In a country which does not have a programme of proactive screening for lung cancer through regular CT scans (these are merely a detailed series of Xrays involving higher levels of ionising radiation, and therefore risk), lung cancer will be suspected through the clinical setting of someone having presented to a healthcare practitioner and undergoing a plain Xray. This is how the vast majority of lung cancer is diagnosed. In Myhill’s own words, this is when it may be “seen on an Xray”. I am sorry to say it, but this “fuzziness or whatever” (as you like to call it) is exactly what Myhill is talking about. Confirmation of type and staging will require biopsy, but the fact remains that if nothing is seen on an Xray, then cancer will not be suspected, nor will invasive tests take place. Doctors are not in the habit of doing bronchoscopies or biopsies on patients with normal Xrays, as Swordfish will no doubt confirm.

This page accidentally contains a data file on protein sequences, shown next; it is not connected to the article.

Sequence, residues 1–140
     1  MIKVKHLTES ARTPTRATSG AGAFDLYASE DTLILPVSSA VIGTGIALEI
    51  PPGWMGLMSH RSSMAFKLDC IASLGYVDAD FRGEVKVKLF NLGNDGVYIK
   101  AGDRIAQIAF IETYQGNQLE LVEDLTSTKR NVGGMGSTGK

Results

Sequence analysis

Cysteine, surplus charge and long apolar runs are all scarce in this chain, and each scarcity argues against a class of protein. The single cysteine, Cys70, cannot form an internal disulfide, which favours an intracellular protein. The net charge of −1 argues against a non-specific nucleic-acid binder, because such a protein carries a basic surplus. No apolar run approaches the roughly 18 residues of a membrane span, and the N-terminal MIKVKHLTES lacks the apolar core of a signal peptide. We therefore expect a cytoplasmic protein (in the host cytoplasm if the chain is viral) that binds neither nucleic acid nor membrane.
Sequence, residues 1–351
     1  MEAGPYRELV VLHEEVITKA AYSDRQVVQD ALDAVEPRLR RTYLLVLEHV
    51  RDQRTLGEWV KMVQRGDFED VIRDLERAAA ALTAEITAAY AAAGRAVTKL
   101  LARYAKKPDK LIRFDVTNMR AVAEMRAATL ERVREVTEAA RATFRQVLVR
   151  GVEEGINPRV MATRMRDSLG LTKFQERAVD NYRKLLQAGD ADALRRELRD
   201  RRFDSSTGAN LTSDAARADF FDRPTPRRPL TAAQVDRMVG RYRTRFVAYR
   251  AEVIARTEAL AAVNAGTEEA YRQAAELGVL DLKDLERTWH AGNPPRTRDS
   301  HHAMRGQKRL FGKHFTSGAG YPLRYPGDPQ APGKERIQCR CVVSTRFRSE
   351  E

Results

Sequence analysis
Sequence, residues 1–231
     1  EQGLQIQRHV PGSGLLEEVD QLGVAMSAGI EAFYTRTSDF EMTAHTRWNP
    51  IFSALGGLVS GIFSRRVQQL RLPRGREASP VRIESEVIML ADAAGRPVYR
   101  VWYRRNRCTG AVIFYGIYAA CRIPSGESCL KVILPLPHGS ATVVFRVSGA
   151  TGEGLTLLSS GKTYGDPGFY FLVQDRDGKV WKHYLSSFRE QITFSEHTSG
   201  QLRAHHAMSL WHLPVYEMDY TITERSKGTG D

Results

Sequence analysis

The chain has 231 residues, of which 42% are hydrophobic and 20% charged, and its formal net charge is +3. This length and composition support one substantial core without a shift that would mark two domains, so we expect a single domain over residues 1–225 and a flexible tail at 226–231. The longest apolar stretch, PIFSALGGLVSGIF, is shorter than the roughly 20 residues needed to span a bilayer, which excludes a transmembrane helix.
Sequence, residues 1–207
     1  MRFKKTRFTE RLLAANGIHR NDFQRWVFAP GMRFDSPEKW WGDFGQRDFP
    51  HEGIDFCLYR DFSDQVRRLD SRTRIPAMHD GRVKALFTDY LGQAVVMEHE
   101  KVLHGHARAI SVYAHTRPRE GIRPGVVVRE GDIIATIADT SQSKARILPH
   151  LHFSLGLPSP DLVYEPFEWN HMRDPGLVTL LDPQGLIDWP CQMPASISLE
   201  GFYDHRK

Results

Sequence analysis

So we are left with the scenario of a patient who, having been told by his doctor that an Xray shows some “fuzziness or whatever” that looks malignant, possibly taking Myhill’s words at their face value, and doing one of the things you said you might do in a previous post (eg mediate, do nothing, put affairs in order, go on holiday, since we all have to die sometime).

    Patients with lung cancer will die without conventional treatment. If the cancer is one of the 85% of tumours that is classified as non-small cell type on histology, then average survival without therapy is under one year. With treatment, 5year survival for those without metastases outside the lung is between 7 and 73%, dependent upon stage, indicating a substantial cure rate for the better prognostic stages of tumour. (Recall Myhill says that for them it is too late for curative treatment). Even tumours which are >7cm diameter at presentation (you’d have to be pretty defective not to see that on Xray) have a 35% survival at 5years. Following Myhill’s advice will condemn patients who might have survived 5 years or longer, or even been cured, to certain death.

    Small cell cancers tend to be more advanced and be disseminated by the time they are detectable on Xray, so survival is poorer, but even then it is in the order of 1% – 38% at 5 years. Without treatment they die in an average of 4 months. Just about time to squeeze in that brief holiday, if they are lucky!